What Compression Rating Do Professionals Use?
Given that the overwhelming majority of male tour professionals (PGA Tour, DP World Tour) have high swing speeds they are going to want to play with a firmer ball that will perform best with their type of golf swing.
The most popular balls on professional tours are:
|Pro V1 left dot
|Pro V1x left dash
|Chrome Soft X
As much as the manufacturers would love you to play one of their premium tour balls may be that they aren’t necessarily the best choice for your own golf game. For example, if you tend to generate a lot of spin due to poor swing mechanics you probably don’t want to play a high-spinning ball as well that will almost certainly cost you distance and probably accuracy too.
What Compression Golf Ball Should I Use?
Picking a ball often comes down to a compromise between performance and feel. If you’re prepared to give up a little distance in order to get a softer feeling ball then you can look at lower compression models. If you’re more concerned with performance then try to match the best ball to you based on spin and flight characteristics.
Most manufacturers would probably recommend picking a ball by working backward from green to tee.
Find a few different ball models that you like when putting, chipping and pitching. Find balls that perform the way you want. Then take a look at how they perform with your irons and fairway woods. Do you get the flight and distance that you desire? Finally, test out this shortlist of balls with your driver to see which you prefer. You then need to decide which areas of your game are most important and picked the ball that works best for those.
If you tend to generate a lot of spin then getting a ball with a lower compression rating might help as it will probably spin a little less.
What’s The Difference Between Low Compression Vs. High Compression?
Put simply low compression balls will feel softer off the clubface at any swing speed compared with higher compression. In the past, low compression balls were aimed primarily at slower swingers like seniors or ladies. These days all manufacturers are producing soft-feeling balls because that is what many golfers are asking for.
Lower handicappers and those with faster golf swings would tend towards higher compression models. Since they are usually looking for the balls that travel the farthest and spin the most.
Golf Ball Compression Chart
MyGolfSpy tests many balls annually and uses the same equipment to test their compression. If you want to compare the ratings of different balls then this is probably the place to go.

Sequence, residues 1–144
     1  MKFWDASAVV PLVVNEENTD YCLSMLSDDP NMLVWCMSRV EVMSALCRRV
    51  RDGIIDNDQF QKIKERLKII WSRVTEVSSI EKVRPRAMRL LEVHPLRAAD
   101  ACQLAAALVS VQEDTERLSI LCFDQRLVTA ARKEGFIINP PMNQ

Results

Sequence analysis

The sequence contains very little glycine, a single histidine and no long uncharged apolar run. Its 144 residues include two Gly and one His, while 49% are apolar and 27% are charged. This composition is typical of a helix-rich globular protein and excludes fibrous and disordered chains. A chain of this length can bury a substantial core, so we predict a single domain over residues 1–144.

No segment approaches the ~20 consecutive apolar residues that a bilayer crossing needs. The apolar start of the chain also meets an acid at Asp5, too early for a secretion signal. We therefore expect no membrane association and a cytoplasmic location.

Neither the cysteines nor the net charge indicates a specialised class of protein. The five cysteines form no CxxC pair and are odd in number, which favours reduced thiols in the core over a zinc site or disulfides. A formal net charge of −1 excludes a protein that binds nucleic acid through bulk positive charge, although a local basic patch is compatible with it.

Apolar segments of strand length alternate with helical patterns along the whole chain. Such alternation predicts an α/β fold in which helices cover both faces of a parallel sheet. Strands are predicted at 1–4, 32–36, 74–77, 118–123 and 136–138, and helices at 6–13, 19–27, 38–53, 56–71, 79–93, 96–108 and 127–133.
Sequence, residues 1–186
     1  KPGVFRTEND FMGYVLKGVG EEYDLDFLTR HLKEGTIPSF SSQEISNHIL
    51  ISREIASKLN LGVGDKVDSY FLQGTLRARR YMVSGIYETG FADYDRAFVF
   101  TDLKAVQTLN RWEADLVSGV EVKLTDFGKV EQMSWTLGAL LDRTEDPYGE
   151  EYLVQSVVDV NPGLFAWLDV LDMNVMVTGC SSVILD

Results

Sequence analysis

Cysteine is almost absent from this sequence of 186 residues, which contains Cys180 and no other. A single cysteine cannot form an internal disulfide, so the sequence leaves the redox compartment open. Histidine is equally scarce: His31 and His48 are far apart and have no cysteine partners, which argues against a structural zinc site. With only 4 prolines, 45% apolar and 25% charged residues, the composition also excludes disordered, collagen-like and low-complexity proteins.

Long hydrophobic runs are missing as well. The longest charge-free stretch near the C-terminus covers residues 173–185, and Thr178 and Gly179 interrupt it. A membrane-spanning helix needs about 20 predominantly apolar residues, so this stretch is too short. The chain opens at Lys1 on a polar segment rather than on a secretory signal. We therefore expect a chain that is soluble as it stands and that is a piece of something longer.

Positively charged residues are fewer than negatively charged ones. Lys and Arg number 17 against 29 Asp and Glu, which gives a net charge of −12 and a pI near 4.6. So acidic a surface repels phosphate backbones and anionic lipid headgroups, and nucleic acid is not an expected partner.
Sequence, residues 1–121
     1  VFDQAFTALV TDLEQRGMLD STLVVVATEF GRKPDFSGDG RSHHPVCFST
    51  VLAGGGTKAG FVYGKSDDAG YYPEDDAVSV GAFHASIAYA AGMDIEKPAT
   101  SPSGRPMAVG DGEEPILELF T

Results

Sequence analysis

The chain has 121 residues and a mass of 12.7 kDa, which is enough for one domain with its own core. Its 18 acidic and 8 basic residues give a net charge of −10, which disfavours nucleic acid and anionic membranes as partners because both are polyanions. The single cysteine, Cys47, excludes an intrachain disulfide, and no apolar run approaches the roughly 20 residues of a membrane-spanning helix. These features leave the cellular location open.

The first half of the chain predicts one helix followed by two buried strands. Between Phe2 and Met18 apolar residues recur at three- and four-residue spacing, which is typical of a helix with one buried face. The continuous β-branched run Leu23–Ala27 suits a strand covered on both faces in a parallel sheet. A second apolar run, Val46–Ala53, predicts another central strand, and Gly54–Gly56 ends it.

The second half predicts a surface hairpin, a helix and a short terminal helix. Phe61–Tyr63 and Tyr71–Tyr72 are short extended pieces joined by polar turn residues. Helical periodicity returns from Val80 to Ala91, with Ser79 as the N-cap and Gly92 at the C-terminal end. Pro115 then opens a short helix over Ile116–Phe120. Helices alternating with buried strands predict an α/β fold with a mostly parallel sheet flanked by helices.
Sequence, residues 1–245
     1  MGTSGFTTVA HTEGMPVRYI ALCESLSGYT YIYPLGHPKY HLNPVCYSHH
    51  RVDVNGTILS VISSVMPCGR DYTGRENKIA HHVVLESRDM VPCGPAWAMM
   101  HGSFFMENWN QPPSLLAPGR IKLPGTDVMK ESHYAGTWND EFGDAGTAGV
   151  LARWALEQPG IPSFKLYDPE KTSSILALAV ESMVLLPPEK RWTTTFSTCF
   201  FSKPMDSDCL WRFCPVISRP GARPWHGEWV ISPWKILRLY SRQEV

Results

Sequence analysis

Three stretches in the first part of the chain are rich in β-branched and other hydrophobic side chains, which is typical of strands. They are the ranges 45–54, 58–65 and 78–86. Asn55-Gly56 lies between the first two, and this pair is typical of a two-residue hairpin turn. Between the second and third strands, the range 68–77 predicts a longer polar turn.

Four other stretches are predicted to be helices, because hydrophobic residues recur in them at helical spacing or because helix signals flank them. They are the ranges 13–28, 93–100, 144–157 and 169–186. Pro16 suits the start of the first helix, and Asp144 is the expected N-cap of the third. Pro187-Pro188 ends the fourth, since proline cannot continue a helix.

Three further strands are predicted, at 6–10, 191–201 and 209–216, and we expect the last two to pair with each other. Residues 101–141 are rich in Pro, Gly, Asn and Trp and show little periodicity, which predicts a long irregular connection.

What Low Compression Balls Are Popular?
The Chrome Soft from Callaway is one of the softest tour style balls available. Although tour players contracted to Callaway only seem to use the X and X LS versions.
Callaway makes the Supersoft ball which is one of the best-selling low compression models. You could also test out these Srixon Soft Feel or the Titleist Velocity or TruFeel.
Golf Ball Compression: Conclusion
You should now have a better idea of what compression is and how it can affect your performance on the golf course.
Compression is not as important a factor in deciding what ball to play as it was some years ago.
Spin and ball flight are probably more critical in finding the right ball for your game.
Frequently Asked Questions [FAQ]
Do Low Compression Golf Balls Go Further?
Testing seems to indicate otherwise. Certainly, MyGolfSpy.com maintains that “softer = shorter”.
Even slower swing speeds will probably get more distance with a high compression ball.
What Is The Highest Compression Golf Ball On The Market?
Based on MyGolfSpy testing the Titleist ProV1x Left Dash is the highest compression ball on the market at 102.
What Is The Lowest Compression Golf Ball On The Market?
At the time of writing and according to my research, the Wilson Duo Soft has the lowest compression with a rating of 35. MyGolfSpy has it down as 42.
What Is The Compression Of The Titleist Pro V1 And Pro V1x
Titleist doesn’t provide golf ball compression ratings preferring to use terms like ‘firm’, ‘soft’ and ‘very soft’.
The 2021 models have ratings of 86 and 96 respectively according to MyGolfSpy.
Is A Higher Compression Golf Ball Better?
The best ball for you is the one that suits your game. Higher compression balls will tend to go further and spin more for all players. You might generate too much spin so in that case a low compression ball would probably be better for you.